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“A lot of hard work has gone into this project over the past eight years and success wouldn’t have been possible without the collaboration between the owner (EPCOR), engineer (AECOM) and contractor (Bothar),” says Kristin St. Louis, P.Eng, AECOM senior water resources engineer for water in Western Canada. “Such a high level of cooperation and coordination is a testament to the teams’ shared dedication in achieving the project’s objectives. The MTER project serves as an inspiring example for the industry and showcases how infrastructure development can be seamlessly integrated into establishing urban settings for the greater benefit of the community.”

Malcolm Tweddle & Edith Rogers (MTER) Sewer Improvement Initiative

Project Background

Millbourne is a relatively small residential community within the City of Edmonton, located outside of its central business district. The area is populated with homes and businesses, as well as its school district, among others. During 2004 and 2012, extremely heavy rainfall events occurred, overpowering the existing overtaxed stormwater infrastructure, forcing the water into the residents’ and businesses’ basements, as well as other damage. City officials were determined to provide a solution to mitigate future catastrophic flooding events.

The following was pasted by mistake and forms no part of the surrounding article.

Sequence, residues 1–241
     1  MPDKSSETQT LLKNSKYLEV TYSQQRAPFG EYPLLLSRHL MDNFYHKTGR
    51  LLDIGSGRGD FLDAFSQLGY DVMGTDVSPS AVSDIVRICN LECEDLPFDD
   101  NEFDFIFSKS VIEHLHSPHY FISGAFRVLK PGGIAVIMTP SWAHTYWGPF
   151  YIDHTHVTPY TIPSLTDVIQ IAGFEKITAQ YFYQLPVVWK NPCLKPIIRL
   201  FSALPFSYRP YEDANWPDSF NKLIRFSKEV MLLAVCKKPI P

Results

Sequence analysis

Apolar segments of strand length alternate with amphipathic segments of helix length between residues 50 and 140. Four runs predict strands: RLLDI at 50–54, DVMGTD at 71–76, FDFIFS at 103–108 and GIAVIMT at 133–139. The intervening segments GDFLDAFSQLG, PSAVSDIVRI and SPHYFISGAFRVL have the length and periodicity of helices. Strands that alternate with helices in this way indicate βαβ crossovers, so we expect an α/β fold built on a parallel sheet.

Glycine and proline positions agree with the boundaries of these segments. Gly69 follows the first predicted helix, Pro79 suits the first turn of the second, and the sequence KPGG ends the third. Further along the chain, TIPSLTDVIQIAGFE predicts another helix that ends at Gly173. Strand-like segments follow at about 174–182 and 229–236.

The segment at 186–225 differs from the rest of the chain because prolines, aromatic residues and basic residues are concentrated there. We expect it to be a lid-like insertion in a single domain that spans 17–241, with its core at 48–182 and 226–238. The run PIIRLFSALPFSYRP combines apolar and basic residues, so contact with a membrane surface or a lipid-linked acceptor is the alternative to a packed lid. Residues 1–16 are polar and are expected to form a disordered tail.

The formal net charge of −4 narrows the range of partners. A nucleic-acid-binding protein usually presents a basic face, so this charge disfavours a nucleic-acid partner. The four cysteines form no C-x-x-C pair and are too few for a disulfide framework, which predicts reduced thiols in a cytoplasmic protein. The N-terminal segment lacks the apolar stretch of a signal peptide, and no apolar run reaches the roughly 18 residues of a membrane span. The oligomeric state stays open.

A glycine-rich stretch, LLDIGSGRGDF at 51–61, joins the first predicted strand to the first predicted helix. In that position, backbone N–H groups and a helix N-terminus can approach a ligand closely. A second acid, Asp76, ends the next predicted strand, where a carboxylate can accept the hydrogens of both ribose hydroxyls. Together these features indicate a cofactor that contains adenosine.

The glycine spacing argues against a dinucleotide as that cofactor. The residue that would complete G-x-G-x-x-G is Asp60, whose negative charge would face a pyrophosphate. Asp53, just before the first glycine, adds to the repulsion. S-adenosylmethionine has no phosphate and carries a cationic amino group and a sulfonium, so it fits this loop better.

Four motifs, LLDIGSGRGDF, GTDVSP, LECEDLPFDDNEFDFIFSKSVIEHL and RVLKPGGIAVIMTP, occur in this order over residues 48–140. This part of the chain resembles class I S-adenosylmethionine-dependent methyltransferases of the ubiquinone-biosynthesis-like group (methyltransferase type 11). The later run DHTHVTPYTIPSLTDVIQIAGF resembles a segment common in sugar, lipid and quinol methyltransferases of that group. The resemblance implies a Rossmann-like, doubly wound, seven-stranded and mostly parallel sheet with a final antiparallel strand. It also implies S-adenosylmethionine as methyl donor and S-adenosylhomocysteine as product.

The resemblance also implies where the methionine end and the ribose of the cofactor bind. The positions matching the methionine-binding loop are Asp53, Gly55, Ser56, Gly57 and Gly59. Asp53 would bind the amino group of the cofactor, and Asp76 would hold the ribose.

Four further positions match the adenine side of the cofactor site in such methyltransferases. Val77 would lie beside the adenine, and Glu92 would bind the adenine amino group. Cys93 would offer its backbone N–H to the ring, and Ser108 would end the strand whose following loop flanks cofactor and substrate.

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AECOM was hired in 2015 and tasked with designing this project. St. Louis explains that during a one in 100-year rainfall event, an estimated 250 homes within the project area were at risk of future flooding, with ponding up to 1.75 m on an arterial roadway. Stormwater infrastructure needed to be able to convey the water away from those homes and properties and stored until the downstream system capacity could handle the excess flow. Options were limited.

Malcolm Tweddle & Edith Rogers (MTER) Sewer Improvement Initiative

“A large diameter overflow sewer was required to convey the stormwater to dual-use dry ponds in the school park [located 1 km west of the arterial roadway],” St. Louis says. “The system can accommodate a peak flow rate of 20 m3/s, while providing a safe play area for the schools and community. There were numerous constraints, including congested utilities, storm and sanitary sewers in a common trench, a pipeline corridor and ongoing light rail transit (LRT) construction.”